Kids Corner





Advertising agencies like to catch kids young so that they can make them life-long clients.

Getting to them early,  and inculcating values and virtues in them, therefore, can be a good idea  -  provided what we teach them is worthy of lifetime emulation.

However, my interest is not in TV ads or the like. What I want to do is expose our kids to the habit of cultivating silence, compassion and kindness. The way things are going in our schools and colleges, it is becoming increasingly important that we do something about it. Rampant alienation, loneliness, bullying, narcissism, etc., are some of the by-products of our failure to teach kids how to cultivate an inner sense of mental and emotional stability.

Recently, I introduced our three-year old daughter to the idea of sitting silently for few moments.

To our utter surprise, she took to the idea with glee. Apparently,  she is fascinated by the idea of sitting cross-legged on a pillow, and saying a few words which she scarcely understands but, nevertheless, repeats dutifully.

She calls it "magication", a word that I, too, find quite appealing and magical.

Every time we come to that moment of the evening, or when she sees I am getting ready for my meditation, she quickly gathers all the pillows for me and lays them on the floor in the order I usually put them. Then, she brings one small cushion for herself and tries to sit on it in a half-lotus posture.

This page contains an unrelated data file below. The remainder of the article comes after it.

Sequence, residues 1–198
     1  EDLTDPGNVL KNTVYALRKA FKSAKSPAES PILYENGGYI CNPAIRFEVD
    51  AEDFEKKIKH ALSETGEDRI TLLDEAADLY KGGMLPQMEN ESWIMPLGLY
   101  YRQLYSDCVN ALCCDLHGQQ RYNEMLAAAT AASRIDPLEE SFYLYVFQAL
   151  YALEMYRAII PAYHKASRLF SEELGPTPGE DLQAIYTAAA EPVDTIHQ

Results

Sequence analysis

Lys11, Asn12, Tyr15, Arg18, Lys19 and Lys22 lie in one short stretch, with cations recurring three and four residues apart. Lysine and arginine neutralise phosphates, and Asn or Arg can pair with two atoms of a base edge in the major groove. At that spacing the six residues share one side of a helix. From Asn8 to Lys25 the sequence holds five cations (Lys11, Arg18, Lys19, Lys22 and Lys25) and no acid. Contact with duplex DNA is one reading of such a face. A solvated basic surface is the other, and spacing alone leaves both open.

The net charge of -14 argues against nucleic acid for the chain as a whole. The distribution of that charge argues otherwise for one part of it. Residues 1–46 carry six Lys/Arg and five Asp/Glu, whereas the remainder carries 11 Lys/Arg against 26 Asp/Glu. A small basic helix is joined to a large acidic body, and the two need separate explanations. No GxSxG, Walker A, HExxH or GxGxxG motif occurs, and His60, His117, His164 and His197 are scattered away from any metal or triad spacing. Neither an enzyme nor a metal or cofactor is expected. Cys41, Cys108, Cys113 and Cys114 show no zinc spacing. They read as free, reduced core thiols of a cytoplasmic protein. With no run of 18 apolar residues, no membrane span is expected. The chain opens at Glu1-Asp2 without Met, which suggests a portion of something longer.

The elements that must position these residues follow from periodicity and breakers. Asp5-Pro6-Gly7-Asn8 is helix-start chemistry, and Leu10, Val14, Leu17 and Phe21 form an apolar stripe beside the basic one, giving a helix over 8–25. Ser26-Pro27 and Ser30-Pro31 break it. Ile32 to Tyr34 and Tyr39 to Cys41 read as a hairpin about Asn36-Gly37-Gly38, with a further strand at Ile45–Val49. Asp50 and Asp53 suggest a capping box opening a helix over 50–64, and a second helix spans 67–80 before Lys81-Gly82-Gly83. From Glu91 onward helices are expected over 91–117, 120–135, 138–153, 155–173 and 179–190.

It is fascinating to see her trying to bend her legs into this position, while trying to maintain her balance. Even more heartening is her alacrity to engage in this: she folds her hands dutifully and tucks them in the way she sees me do it, and tilts her head sideways a bit.

Once she is relatively settled on her little cushion, we embark upon repeating "Satnam Waheguru" for a few minutes. After finishing, we stay silent for few moments and then, taking the cue, she gets up smiling and leaves the room, shutting the door behind her and leaving me alone to do my routine.

Before we began this practice, she used to bug me, cry, or even on some occasions would not let me do my meditation. She was feeling shut out of something important I was involved in behind the closed door. Ever since she has started sitting with me, there has not been a single instance when she has disturbed me in my simran.

I am pleased that she is now introduced to this beautiful habit. And the bonus is that she has, in her own little way, learnt to appreciate my personal meditation..

I look at the ease with which she has picked up the idea. She is so young and impressionable: all we had to do was let her see our actions, and encourage her to follow suit.

Is this what they call "investing in our future"?


[Trained in Australia and Canada, Dr. Parmjit Singh has a PhD in Psychology and teaches in the Faculty of Health Sciences at McMaster University, Canada. ]

Photos on this page:  Top -  courtesy, Gurumustuk Singh. Bottom  -  courtesy, Wishnu Garuda.

Conversation about this article

1: Richard Spiers (Statesboro, GA, U.S.A.), July 13, 2007, 2:17 PM.

When and how did you come up with this phrase? [Editor: We believe it is a phonetic version of the author's daughter trying to pronounce the word, "meditation".]

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